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CFAs: Documentary Fund Grant Program

The Sundance Institute is currently accepting applications for Documentary Fund Grant Program to support nonfiction filmmakers worldwide in the production of cinematic documentaries on contemporary themes.

Established in 2002 with founding support from Open Society Foundations, the program is a vibrant global resource for independent nonfiction storytelling.

The Sundance Institute Documentary Fund supports the work of nonfiction filmmakers from around the globe. In a changing media landscape, the fund has been a stable, progressive force in supporting work that has expressed the world in creative, complex, beautiful, and provocative ways, and has created real cultural and social impact around some of the most pressing issues of the time. They are proud to sit at the center of this burgeoning creative field with the Documentary Fund, which offers (non-recoupable) support for nonfiction projects that continue to elevate and advance cultural dialogue and break new ground in creativity and innovation. In its ongoing search for artists and projects to support, the Documentary Fund is seeking filmmakers with a distinct voice and vision, and a meaningful connection to the work they create. They are especially keen to raise the voices of underserved or underrepresented communities from around the world in the service of building a more fair, free, and open society.

The Documentary Film Program (DFP) believes nonfiction filmmaking is a collaborative art form. They provide artist-centered, process-driven support in the form of creative labs that support directors, producers, and editors. DFP currently hosts the Documentary Producers Lab annually in the summer. Labs are unique residential workshops that provide catalytic support for feature nonfiction projects and producers in production and post-production. Following the lab, projects receive ongoing customized creative and strategic support throughout the life of a project.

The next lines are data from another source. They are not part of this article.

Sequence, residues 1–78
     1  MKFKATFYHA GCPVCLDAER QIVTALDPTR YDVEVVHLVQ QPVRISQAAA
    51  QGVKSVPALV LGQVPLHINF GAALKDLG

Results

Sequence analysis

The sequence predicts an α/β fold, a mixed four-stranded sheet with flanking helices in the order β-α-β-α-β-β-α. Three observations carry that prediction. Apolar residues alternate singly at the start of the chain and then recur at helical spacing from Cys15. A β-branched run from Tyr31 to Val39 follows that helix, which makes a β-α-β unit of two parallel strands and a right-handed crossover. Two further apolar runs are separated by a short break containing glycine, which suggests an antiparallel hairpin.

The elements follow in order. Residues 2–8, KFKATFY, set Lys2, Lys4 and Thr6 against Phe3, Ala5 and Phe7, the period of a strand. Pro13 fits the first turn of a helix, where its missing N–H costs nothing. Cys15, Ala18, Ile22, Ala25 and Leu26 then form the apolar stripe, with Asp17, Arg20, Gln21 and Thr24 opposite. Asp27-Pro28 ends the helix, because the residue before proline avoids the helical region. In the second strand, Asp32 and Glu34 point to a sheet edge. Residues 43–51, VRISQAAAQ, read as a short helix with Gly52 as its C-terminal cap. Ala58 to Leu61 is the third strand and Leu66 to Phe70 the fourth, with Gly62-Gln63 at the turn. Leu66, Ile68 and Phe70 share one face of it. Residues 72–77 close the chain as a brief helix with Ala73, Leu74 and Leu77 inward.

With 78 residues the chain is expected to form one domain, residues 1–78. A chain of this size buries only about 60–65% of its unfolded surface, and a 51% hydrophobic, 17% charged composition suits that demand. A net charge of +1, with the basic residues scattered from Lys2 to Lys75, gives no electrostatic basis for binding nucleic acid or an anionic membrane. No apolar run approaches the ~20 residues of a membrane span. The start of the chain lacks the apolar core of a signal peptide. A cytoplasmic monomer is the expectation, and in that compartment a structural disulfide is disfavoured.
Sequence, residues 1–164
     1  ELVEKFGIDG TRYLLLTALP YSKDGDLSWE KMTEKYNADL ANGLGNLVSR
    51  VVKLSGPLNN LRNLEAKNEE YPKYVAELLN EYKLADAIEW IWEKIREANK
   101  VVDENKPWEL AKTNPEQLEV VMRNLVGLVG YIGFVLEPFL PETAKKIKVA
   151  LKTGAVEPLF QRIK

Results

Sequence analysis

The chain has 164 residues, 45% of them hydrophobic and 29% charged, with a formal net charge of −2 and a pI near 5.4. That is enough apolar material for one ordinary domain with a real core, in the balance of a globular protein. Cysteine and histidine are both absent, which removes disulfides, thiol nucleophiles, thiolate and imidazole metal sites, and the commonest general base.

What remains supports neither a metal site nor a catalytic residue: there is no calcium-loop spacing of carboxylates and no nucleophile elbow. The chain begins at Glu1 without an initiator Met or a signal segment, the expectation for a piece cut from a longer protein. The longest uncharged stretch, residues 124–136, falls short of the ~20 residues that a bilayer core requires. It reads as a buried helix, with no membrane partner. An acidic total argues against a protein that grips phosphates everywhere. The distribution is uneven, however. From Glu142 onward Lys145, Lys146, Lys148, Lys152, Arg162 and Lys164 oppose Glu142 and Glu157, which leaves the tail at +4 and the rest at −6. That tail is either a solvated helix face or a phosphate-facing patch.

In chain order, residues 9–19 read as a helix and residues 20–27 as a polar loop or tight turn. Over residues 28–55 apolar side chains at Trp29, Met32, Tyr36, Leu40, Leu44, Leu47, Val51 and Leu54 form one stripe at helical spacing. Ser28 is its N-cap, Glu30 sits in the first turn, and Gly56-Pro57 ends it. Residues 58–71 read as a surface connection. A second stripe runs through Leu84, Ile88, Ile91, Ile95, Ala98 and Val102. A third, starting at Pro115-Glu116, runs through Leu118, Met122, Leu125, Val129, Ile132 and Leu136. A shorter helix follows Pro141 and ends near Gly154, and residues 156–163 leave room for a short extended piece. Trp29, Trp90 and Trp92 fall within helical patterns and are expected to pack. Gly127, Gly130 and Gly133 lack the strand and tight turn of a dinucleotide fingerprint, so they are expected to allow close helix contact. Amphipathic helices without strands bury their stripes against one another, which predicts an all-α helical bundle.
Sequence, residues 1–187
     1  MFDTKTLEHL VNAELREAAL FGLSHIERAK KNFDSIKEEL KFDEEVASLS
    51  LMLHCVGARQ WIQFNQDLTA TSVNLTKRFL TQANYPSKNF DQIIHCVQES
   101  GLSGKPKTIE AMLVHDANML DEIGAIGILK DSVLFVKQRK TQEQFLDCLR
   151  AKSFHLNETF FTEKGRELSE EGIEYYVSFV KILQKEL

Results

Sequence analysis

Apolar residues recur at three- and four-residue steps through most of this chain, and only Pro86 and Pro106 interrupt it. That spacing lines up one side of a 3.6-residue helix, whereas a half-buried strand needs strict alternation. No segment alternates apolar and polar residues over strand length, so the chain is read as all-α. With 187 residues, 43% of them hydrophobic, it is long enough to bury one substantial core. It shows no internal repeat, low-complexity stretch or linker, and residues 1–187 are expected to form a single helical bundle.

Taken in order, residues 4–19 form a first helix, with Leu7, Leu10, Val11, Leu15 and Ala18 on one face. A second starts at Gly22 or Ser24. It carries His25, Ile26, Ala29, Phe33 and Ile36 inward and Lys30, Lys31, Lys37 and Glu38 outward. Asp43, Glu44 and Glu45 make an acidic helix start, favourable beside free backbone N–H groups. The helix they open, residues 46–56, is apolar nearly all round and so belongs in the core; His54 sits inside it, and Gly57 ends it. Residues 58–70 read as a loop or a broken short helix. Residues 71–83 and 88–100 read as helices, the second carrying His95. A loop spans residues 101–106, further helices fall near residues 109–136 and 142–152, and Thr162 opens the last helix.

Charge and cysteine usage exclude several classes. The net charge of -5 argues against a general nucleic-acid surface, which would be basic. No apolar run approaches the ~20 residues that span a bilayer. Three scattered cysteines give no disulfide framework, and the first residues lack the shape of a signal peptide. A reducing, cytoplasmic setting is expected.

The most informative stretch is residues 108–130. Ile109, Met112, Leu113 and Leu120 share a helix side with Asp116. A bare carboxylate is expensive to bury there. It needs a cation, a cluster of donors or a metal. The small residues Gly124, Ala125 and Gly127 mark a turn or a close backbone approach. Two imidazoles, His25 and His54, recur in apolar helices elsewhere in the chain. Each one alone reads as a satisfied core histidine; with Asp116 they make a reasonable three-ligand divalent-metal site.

Funding Information
  • The Sundance Institute Documentary Film Program (DFP) prioritizes support for independent nonfiction films with budgets under $1 million in U.S. dollars. 
Project Eligibility 
  • The Sundance Institute Documentary Fund supports projects that are feature-length documentaries (52 minutes and longer). Hybrid/animated and experimental documentaries are eligible to apply. They do not fund:
    • Fiction films
    • Short films
    • Series
    • NGO films
    • Advocacy films
    • Educational films
    • Branded content
Eligibility Criteria
  • Creative and editorial control must be held by members of the films’ key creative teams.
  • In the funding they continue to uplift productions led by artists from communities that have been traditionally marginalized (e.g., artists who identify as BIPOC, LGBTQ+, and people with disabilities), unearthing historically underrepresented narratives. They remain committed to elevating voices beyond the borders, celebrating the rich diversity of filmmaking traditions around the world. The current international priorities are artists living and working in regions that lack a robust infrastructure of support for independent film, regions of conflict, and countries where freedom of expression is under threat. Awards are made regardless of citizenship status.
  • Applicants may submit at any production phase from development through post-production. All proposals must convey some vision for a finished film. Projects should have secured characters or subjects, be able to articulate a story or structure, and be able to explain the project’s driving central question. They welcome applications with aesthetic and storytelling traditions from all over the world and are not bound to specific themes or issues. Hybrid and experimental documentaries are eligible to apply. They are unable to consider proposals for story research. Incomplete applications will not be reviewed. You do not need any prior funding or a fiscal sponsor in order to apply.
  • Once your film premieres, they are unable to provide post-production funding support. They therefore encourage applicants to apply at least eight months before an anticipated premiere. Picture-locked cuts are also ineligible for post-production funding.
  • They accept resubmissions only when your project has advanced considerably in storytelling vision and intent, preferably at a later stage of production. They discourage more than three applications to the Documentary Fund over the life of a project. Projects that have previously received a grant through the Documentary Fund are not eligible to apply for additional funding through this open call. 

For more information, visit Sundance Institute

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